Be the first to like.

Share

Houston-based Legacy Community Health Services, a federally qualified health center, is trying hard to fight the Zika virus. It’s screening pregnant women and following federal guidelines to test people at risk.

 

But despite best efforts, there’s a problem, says Legacy’s chief medical officer, Dr. Ann Barnes. Women who could be infected usually have to wait as long as a month to know if their pregnancy is at risk. That’s the turnaround time from the state public health lab, where blood samples are sent for testing.

 

“In that situation, the anxiety a pregnant woman has to live with is great,” Barnes said. “Ideally, we’d be able to speed up the process.”

 

It’s not just an issue in Houston. In areas where Zika poses a threat, public health departments are struggling to meet the need to test patients for the mosquito-borne virus, even for those the government has classified as “at risk.”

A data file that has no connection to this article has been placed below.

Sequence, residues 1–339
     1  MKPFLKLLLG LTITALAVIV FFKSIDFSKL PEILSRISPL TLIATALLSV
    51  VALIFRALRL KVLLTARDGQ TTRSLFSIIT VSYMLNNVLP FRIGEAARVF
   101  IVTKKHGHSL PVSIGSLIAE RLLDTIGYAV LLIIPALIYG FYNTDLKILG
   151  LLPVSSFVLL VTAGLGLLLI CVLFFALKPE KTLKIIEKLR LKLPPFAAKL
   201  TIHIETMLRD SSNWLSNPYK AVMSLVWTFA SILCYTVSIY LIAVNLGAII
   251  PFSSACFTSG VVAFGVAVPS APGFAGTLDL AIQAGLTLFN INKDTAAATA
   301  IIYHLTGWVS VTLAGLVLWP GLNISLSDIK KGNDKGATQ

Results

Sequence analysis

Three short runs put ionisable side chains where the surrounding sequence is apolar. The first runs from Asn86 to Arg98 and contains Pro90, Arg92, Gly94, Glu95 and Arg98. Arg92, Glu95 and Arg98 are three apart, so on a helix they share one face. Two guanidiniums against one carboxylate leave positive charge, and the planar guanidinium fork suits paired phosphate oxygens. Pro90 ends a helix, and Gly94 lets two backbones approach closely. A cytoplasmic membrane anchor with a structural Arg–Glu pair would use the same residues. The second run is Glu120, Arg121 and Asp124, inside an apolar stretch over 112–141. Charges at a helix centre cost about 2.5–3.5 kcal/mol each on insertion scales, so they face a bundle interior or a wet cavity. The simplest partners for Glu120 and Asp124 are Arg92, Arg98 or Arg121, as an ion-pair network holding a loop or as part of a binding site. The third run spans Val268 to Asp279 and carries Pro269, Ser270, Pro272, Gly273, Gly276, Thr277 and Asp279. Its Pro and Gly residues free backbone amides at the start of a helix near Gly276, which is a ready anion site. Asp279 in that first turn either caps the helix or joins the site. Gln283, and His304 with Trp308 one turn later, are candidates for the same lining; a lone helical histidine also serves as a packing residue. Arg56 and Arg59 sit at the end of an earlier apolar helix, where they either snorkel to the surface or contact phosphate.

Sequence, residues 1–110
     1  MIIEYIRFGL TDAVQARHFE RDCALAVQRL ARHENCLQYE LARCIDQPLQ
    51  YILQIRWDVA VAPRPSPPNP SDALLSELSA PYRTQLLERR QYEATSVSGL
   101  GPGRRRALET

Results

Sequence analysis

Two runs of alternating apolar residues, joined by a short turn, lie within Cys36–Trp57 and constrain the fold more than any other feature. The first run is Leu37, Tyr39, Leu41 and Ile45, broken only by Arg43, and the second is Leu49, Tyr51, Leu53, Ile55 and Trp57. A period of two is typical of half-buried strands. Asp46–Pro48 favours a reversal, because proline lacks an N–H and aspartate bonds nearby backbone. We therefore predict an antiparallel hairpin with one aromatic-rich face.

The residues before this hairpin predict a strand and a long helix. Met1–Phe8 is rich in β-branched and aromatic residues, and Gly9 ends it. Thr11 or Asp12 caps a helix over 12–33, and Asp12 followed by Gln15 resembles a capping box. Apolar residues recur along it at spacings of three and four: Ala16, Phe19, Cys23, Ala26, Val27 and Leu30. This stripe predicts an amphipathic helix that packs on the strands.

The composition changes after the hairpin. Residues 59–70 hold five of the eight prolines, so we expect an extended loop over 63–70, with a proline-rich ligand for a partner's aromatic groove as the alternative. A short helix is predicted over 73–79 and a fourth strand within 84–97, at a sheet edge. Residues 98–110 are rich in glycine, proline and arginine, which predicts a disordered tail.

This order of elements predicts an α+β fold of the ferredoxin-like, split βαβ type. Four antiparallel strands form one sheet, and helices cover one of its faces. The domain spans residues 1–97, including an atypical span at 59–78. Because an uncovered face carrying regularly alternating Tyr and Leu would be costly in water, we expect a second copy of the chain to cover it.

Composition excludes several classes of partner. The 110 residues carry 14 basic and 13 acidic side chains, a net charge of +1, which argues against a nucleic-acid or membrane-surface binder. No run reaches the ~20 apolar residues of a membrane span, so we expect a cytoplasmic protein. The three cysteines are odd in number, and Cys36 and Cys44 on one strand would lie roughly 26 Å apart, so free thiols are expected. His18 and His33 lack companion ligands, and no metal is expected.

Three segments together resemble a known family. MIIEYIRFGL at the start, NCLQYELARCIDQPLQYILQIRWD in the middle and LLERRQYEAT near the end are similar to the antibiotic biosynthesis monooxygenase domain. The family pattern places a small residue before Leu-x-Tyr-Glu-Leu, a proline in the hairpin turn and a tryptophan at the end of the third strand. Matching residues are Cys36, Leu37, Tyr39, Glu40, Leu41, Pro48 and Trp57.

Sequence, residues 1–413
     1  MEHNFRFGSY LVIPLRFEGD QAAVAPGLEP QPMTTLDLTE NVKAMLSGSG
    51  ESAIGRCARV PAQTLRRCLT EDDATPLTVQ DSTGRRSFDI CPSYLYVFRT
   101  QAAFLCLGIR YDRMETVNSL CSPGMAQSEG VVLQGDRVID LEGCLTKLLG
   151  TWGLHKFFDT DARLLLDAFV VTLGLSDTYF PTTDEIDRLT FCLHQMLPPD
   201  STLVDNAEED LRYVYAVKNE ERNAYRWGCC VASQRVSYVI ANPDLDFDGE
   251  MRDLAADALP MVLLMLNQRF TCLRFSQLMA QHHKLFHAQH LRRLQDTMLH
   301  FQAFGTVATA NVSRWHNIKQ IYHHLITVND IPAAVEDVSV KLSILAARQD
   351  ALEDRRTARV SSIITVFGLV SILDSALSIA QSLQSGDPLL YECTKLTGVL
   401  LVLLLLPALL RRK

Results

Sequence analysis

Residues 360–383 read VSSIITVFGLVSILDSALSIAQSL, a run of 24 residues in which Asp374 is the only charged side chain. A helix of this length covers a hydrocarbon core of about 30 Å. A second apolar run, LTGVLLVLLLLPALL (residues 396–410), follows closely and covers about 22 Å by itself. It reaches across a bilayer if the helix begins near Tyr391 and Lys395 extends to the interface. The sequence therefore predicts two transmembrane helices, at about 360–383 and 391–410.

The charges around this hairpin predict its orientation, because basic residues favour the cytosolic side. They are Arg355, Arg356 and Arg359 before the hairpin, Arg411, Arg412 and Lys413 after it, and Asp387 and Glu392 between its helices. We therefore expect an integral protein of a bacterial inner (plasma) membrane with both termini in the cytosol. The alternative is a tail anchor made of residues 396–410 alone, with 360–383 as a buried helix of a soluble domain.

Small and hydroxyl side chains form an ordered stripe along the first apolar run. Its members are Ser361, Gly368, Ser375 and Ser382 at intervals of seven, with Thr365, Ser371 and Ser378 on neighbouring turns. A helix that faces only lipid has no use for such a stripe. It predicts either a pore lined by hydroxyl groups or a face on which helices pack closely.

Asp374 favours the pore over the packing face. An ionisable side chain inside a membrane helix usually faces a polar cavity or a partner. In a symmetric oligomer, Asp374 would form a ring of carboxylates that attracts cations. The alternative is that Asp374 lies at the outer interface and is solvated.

Doctors and health experts say last month’s approval of $1.1 billion in emergency funding by Congress — a spending package to fight the virus — could help, giving local labs the resources to efficiently determine if people have been infected.

Be the first to like.

Share
KHN

Leave a Reply